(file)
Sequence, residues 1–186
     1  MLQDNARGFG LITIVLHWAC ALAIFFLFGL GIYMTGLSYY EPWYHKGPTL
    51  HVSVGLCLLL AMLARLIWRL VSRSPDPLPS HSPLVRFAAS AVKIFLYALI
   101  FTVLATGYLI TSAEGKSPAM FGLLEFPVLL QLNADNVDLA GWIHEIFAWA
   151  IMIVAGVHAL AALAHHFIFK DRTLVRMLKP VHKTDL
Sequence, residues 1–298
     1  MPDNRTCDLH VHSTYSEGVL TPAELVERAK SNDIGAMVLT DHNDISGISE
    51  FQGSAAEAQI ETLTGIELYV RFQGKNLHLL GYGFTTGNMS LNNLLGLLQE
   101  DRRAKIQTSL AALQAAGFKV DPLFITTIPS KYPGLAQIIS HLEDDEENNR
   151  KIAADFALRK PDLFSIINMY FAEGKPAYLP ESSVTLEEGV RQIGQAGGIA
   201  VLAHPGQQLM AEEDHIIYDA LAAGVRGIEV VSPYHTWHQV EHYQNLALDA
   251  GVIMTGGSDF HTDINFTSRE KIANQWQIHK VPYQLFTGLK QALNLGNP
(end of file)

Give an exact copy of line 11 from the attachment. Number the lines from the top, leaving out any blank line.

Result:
   201  VLAHPGQQLM AEEDHIIYDA LAAGVRGIEV VSPYHTWHQV EHYQNLALDA